HCV Advocate Press Release
Two Phase 3 Studies Results of Sofosbuvir for Hepatitis C Released
Editor-in-Chief, HCV Advocate
On February 4, 2013 Gilead Sciences released results from two Phase 3 studies of sofosbuvir in combination with ribavirin for treatment of genotypes 1 through 6 patients.
The first study—FISSION—treated HCV genotypes 2 and 3 treatment naïve patients for a treatment duration of 12 weeks with sofosbuvir (once-a-day – QD) plus ribavirin (three times a day-TID) and compared the study drug combination to pegylated interferon plus ribavirin (standard of care or SOC) for an treatment duration of 24 weeks. In the study 20% of the patients had compensated cirrhosis and 72% were HCV genotype 3. There were 256 patients in the sofosbuvir group vs. 243 patients in the SOC group.
Top line SVR12 results by genotype in the sofosbuvir vs. SOC groups:
• Genotype 2 – 97% (sofosbuvir) vs 78% (SOC)
• Genotype 3 –56% (sofosbuvir) vs. 63% (SOC)
In those people who had cirrhosis, 47% achieved an SVR12 in the sofosbuvir groups compared to 38% in the SOC group.
The side effects reported were lower in the sofosbuvir group (3 patients) compared to those receiving SOC (26 patients). The most common side effects in the sofosbuvir group that occurred in greater than or equal to 10% of patients was fatigue, headache, nausea, insomnia and dizziness.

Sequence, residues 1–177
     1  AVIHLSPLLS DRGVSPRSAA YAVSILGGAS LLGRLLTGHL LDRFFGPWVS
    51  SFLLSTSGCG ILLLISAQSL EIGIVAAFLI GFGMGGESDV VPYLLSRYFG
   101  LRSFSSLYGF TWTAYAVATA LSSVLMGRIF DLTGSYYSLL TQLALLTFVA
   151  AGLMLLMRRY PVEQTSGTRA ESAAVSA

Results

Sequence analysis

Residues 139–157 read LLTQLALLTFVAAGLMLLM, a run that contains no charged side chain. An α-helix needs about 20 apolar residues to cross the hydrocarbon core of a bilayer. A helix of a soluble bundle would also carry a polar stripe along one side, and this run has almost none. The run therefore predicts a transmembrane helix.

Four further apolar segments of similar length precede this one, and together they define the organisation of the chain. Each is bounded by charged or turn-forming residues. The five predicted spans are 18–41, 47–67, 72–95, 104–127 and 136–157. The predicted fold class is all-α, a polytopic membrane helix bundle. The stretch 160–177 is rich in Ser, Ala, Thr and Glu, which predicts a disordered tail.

Comments: The study results above met primary endpoint of the study – non-inferiority. Gilead states that they will submit the data to the Food and Drug Administration for marketing approval. Even though non-inferiority doesn’t sound as exciting as what we have seen in the past, it is important to remember that the treatment duration is only 12 weeks and it is an interferon-free therapy—this is a big advancement in the treatment of HCV genotype 2 and 3.
The second study released was –NEUTRINO—treated 327 HCV genotype 1, 4, 5, and 6 treatment naïve patients with the triple combination of sofosbuvir (QD) plus pegylated interferon (once-a-week) and ribavirin (TID) for a treatment duration of 12 weeks. Seventeen percent of the patients had compensated cirrhosis. The SVR12 results were 89% for genotype 1and 97% for genotypes 4,5,6 patients (n=35). Five patients in the sofosbuvir group discontinued treatment due to side effects.
Comments: There was limited data released about this trial although the SVR12 results are impressive. Once more information is released we will have a better picture of the effectiveness and safety profile of this trial, although the preliminary results are very encouraging.
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